Page:EB1911 - Volume 24.djvu/861

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between the two species last named-species which certainly had nothing to do with their production.[1]

The genera Tadorna and Casarca, as shown by the tracheal characters and coloration, are most nearly related to Chenalopex, containing the bird so well known as the Egyptian goose, C. aegyptiaca, and an allied species, C. jubata, from South America. For the same reason the genus Plectropterus, composed of the spur-winged geese of Africa, and perhaps the Australian Anseranas and the Indian and Ethiopian Sarcidiornis, also appear to belong to the same group, which should be reckoned rather to the Anatine than to the Anserine section of the Anatidae. (A. N.)

SHELDON, CHARLES MONROE (1857-), American Congregational clergyman, was born in Wellsville, New York, on the 26th of February, 1857. Graduating at Brown University in 1883 and at Andover Theological Seminary in 1886, he was pastor of a church at Waterbury, Vermont, in 1886-1888, and in 1889 became pastor of the Central Congregational Church of Topeka, Kansas. He is well known as the author of a number of widely read books of fiction, which at the same time inculcate an uncompromising obedience to the precepts of the Gospel in everyday life. Of these, In His Steps; (1896), though not the earliest, is perhaps the best, and it is this one which first brought him into prominence.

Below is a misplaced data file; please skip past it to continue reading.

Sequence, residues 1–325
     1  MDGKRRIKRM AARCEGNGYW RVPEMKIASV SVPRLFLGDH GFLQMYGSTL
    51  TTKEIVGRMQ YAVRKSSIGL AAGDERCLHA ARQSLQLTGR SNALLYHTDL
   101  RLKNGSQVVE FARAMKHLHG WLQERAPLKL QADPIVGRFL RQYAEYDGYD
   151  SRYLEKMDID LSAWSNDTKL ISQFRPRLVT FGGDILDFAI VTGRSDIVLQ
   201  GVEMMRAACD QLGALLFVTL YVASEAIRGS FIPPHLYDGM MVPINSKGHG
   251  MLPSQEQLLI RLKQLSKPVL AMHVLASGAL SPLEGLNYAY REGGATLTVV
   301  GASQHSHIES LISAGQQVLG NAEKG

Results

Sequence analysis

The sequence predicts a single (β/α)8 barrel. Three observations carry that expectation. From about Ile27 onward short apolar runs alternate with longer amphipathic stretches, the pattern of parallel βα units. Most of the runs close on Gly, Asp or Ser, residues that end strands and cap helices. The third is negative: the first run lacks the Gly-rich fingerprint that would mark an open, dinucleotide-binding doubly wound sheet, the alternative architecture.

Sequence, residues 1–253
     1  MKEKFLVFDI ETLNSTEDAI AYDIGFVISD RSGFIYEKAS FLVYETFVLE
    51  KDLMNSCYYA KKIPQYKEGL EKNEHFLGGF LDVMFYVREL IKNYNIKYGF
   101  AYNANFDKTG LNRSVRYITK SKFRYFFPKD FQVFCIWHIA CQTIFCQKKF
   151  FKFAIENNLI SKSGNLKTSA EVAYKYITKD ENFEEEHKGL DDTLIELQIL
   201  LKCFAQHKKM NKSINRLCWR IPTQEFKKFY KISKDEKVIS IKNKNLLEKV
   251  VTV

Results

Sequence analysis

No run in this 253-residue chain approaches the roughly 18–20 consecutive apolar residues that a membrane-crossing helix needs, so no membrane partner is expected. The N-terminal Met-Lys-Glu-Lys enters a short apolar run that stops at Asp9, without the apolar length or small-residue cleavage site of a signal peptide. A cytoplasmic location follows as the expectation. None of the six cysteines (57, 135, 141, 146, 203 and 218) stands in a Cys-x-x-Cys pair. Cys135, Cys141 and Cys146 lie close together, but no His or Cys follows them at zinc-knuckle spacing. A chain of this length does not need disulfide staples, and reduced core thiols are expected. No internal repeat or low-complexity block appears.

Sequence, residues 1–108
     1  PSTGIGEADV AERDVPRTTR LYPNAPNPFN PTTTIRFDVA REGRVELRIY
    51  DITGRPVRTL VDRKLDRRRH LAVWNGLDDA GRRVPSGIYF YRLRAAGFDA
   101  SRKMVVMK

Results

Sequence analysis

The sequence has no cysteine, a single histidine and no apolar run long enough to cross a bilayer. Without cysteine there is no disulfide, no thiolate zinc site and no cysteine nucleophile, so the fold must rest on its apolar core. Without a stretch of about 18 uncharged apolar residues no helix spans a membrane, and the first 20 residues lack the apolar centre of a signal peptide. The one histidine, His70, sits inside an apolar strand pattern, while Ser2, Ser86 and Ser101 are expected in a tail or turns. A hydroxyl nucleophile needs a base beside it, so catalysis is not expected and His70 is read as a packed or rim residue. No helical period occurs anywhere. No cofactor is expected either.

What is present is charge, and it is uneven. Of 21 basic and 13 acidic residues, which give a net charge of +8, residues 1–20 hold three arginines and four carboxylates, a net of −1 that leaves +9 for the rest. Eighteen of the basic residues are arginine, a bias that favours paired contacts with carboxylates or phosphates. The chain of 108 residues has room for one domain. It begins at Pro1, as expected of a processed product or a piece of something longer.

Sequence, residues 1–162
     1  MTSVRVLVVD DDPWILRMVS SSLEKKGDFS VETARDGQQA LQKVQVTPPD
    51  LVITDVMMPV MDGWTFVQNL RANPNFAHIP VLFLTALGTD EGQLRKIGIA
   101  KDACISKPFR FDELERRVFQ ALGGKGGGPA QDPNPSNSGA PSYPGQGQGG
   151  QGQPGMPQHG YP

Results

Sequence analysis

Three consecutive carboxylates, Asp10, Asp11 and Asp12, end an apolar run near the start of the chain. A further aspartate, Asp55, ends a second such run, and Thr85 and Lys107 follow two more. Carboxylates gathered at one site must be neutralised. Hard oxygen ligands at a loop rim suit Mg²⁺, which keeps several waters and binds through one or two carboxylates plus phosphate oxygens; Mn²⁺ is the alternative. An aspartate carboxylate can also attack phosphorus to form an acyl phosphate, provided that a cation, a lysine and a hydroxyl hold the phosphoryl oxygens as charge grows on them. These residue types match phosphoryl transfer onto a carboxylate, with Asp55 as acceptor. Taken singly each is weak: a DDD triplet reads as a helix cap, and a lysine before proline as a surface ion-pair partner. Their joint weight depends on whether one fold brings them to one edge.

SHELDON, GILBERT (1598-1677), archbishop of Canterbury, was born at Stanton in the parish of Ellastone, Staffordshire, and educated at Oxford. He was ordained in 1622 and was appointed chaplain to Thomas Lord Coventry (1578-164O). Four years later he was elected warden of All Souls' College, Oxford. During the years 1632-1639 he received the livings of Hackney (1633); Oddington, Oxfordshire; Ickford, Buckinghamshire (1636); and Newington, Oxfordshire; besides being a prebendary of Gloucester from 1632. In 1638 he was on a commission appointed to visit Merton College, Oxford. He was intimate with the Royalist leaders, participated in the negotiations for the Uxbridge treaty of 1644, and collected funds for Charles II. in exile. In 1648 he was ejected from All Souls' by order of parliament, and imprisoned for some months, but he regained the warden ship in 1659. In 1660 he became bishop of London and master of the Savoy, and the Savoy Conference was held at his lodgings. He was consecrated archbishop of Canterbury in 1663. He was greatly interested in the welfare of Oxford University, of which he became chancellor in 1667, succeeding Clarendon (1609-1674). The Sheldonian theatre at Oxford was built and endowed at his expense. .